Risk of suicide during treatment with venlafaxine, citalopram, fluoxetine, and dothiepin: Retrospective cohort study
Rubino, A., Roskell, N., Tennis, P., Mines, D., Weich, S., & Andrews, E. (2007). Risk of suicide during treatment with venlafaxine, citalopram, fluoxetine, and dothiepin: Retrospective cohort study. BMJ (Clinical research ed.), 334(7587), 242-245. DOI: 10.1136/bmj.39041.445104.BE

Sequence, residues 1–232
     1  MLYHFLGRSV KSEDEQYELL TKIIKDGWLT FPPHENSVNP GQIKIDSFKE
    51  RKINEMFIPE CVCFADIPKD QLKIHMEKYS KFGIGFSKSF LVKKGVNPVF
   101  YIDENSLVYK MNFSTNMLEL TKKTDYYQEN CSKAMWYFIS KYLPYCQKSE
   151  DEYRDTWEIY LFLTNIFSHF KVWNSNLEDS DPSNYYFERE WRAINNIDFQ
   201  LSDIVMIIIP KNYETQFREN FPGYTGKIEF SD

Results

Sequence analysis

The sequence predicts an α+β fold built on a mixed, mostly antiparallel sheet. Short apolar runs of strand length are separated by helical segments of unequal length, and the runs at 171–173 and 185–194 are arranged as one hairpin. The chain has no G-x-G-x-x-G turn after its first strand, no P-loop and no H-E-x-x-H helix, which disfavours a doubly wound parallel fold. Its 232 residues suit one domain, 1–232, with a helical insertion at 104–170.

Objective: To compare the risk of suicide in adults using the antidepressant venlafaxine compared with citalopram, fluoxetine, and dothiepin.<br><br>Design: Retrospective cohort study.<br><br>Setting: UK General Practice Research Database. <br><br>Participants: 219,088 patients, aged 18-89 years, who were prescribed venlafaxine, citalopram, fluoxetine, or dothiepin from 1995 to 2005.<br><br>Main outcome measures: Completed suicide and attempted suicide. <br><br>Results: Venlafaxine users had a higher burden of risk factors for suicide, including previous suicide attempts and proxies for severe depression or depression that was difficult to treat. In the analysis for completed suicides, unadjusted and adjusted hazard ratios for venlafaxine compared with citalopram were 2.44 (95% confidence interval 1.12 to 5.31) and 1.70 (0.76 to 3.80), for venlafaxine compared with fluoxetine were 2.85 (1.37 to 5.94) and 1.63 (0.74 to 3.59), and for venlafaxine compared with dothiepin were 2.54 (1.07 to 6.02) and 1.31 (0.53 to 3.25). Compared with other study drugs, venlafaxine was also associated with an increased risk of attempted suicide, but adjustment for measured confounders substantially reduced the hazard ratios.<br><br>Conclusions: Venlafaxine use was consistently associated with higher risk of suicide compared with citalopram, fluoxetine, and dothiepin. Venlafaxine users had a higher burden of suicide risk factors, however, and adjustment for measured confounders substantially reduced the excess risks. Since the secondary data used in this analysis allowed only indirect and partial measurements of potential confounders, it is possible that residual confounding explains much, if not all, of the observed excess risk.